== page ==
Japanese Quince blossoms in Fiskdale.

Sixty miles west of Boston, Massachusetts there is the small New England town of Sturbridge. Located at the junction of I-90 (The Mass Pike), and I-84 it has become known as the "Crossroads of New England". The town was first settled over 300 years ago, and like other small New England towns it has grown just enough over the years to be in a difficult place today. How do we embrace the future without forgetting how we got to our present? How do we attract the right kind of growth, and maintain who we are? And, what about our culture out here in Central Massachusetts?



These pages will cause one to think about how to protect what we have, our future direction, and how to move on in the very best way.


Those thoughts, and other ramblings, will hopefully inspire more thought, conversation, action, and occasionally a smile...

...seems to be working so far

Friday, June 6, 2014

Hallelujah!

No more Mini Coopers being swallowed by the potholes that lived in the parking lot at the Hobbs Brook Plaza.  No more mandatory wheel alignments after a half dozen trips to Stop & Shop.  The roadway, and parking lot is being completely redone--the right way.  The old asphalt has been completely removed, not milled, or ground down, but totally removed.  A bottom coarse layer of asphalt was put down followed by a top, fine coat.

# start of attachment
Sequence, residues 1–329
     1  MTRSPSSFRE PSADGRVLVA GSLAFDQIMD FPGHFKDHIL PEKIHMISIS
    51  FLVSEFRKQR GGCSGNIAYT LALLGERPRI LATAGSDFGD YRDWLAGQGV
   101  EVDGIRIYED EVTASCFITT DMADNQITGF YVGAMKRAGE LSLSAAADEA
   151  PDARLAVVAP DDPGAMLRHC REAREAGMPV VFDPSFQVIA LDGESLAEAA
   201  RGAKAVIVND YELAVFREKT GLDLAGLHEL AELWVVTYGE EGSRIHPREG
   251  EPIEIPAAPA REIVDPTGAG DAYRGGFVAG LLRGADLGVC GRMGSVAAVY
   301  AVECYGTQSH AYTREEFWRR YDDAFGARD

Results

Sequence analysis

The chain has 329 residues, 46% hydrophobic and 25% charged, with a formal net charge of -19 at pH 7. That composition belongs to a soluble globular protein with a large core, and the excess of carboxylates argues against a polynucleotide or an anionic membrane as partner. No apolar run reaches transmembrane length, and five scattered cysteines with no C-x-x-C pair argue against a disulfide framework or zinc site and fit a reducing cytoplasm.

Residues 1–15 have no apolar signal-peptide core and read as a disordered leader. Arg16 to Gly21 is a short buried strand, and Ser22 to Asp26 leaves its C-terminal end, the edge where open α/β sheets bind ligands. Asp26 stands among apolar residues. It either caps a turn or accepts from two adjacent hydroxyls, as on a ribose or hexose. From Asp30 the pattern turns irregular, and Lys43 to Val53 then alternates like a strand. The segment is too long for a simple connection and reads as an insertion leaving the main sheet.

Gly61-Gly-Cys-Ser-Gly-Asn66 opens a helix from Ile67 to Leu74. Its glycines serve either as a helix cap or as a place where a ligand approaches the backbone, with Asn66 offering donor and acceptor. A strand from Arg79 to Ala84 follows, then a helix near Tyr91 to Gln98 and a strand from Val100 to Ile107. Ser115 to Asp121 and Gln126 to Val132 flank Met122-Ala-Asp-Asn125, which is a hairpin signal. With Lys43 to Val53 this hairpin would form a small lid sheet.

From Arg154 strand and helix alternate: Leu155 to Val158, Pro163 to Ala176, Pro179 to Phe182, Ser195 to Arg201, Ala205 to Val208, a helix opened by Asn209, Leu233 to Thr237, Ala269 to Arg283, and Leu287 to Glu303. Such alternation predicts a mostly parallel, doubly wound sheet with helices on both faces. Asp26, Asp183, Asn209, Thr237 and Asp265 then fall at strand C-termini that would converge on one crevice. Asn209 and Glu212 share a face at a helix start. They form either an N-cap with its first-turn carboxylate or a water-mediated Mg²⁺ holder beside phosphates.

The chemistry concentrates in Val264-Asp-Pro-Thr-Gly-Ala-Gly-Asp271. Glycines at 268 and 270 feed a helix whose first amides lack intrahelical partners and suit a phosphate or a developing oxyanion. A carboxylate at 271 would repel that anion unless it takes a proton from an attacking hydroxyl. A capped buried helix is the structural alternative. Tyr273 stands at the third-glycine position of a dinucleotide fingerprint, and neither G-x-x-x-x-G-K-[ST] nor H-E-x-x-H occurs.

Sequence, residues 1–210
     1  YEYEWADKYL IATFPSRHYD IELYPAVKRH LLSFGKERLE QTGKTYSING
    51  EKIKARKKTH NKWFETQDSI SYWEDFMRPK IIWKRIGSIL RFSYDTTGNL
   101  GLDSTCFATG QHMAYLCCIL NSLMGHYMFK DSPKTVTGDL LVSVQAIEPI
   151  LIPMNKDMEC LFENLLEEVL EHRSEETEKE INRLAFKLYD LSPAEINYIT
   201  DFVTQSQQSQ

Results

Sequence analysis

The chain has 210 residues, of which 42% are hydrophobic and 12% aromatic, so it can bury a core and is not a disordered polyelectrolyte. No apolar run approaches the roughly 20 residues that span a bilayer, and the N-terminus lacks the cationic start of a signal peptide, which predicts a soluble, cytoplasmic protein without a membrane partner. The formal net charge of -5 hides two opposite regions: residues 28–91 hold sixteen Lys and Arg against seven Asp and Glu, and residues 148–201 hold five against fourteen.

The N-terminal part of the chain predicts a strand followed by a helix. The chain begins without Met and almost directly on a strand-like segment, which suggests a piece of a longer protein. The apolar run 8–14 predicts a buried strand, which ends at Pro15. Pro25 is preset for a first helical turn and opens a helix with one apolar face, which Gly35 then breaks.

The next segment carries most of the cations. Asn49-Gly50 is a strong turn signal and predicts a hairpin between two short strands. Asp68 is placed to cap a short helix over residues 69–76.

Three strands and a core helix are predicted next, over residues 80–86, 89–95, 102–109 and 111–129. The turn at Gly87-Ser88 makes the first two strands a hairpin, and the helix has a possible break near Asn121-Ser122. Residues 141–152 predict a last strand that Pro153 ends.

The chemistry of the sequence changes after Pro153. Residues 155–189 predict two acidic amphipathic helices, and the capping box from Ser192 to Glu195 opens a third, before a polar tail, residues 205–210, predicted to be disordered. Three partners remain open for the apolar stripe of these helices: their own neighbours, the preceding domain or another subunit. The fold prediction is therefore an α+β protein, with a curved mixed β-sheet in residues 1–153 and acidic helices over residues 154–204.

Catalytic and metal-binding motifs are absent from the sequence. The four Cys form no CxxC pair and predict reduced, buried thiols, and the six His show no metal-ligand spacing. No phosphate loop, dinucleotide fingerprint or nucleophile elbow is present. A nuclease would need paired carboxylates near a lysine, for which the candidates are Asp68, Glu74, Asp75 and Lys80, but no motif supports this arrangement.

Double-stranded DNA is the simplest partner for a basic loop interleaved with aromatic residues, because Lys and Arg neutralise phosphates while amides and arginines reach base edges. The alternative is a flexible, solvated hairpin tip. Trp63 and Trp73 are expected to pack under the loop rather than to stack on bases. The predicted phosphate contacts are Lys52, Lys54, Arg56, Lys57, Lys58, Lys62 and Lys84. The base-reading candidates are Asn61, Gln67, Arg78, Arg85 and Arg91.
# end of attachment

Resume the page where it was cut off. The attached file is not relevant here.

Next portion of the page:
Seems like a simple thing, a newly paved parking lot, and it is, but it is also a very appreciated thing.  Long overdue things always are.



Roadbed removed in preparation for the paving of new roadway.

Looking toward Route 20




Tuesday, May 27, 2014

A Whole Lot Closer Now

I received this email late this morning, and it made me smile.  You see, I had just emailed the Chief at the end of last week, before the Holiday weekend, and on the first business day after the weekend I was sent a reply.  I had already received a reply, and had spoken to Selectman Moran on the phone, and was reassured that the matter would be addressed.

He was right, the matter is being addressed.  Let's hope that it comes to fruition.

Thomas Ford

10:52 AM (5 hours ago)
Good Morning All,